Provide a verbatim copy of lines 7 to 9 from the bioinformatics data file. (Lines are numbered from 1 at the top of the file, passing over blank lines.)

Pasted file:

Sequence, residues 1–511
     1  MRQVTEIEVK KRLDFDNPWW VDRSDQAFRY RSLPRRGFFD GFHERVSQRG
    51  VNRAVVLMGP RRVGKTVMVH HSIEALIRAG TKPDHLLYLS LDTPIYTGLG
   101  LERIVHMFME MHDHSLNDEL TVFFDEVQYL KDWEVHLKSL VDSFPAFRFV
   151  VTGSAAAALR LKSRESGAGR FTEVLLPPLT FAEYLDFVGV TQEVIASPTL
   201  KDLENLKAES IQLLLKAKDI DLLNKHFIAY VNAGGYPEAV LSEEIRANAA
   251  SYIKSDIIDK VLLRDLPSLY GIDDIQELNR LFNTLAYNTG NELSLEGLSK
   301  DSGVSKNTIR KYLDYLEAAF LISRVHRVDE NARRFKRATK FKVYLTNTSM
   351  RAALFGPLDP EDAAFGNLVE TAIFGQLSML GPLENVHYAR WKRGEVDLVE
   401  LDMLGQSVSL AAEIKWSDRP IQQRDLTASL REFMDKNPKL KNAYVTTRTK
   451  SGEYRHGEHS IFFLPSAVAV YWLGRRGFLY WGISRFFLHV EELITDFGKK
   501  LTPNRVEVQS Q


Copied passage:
   251  SYIKSDIIDK VLLRDLPSLY GIDDIQELNR LFNTLAYNTG NELSLEGLSK
   301  DSGVSKNTIR KYLDYLEAAF LISRVHRVDE NARRFKRATK FKVYLTNTSM
   351  RAALFGPLDP EDAAFGNLVE TAIFGQLSML GPLENVHYAR WKRGEVDLVE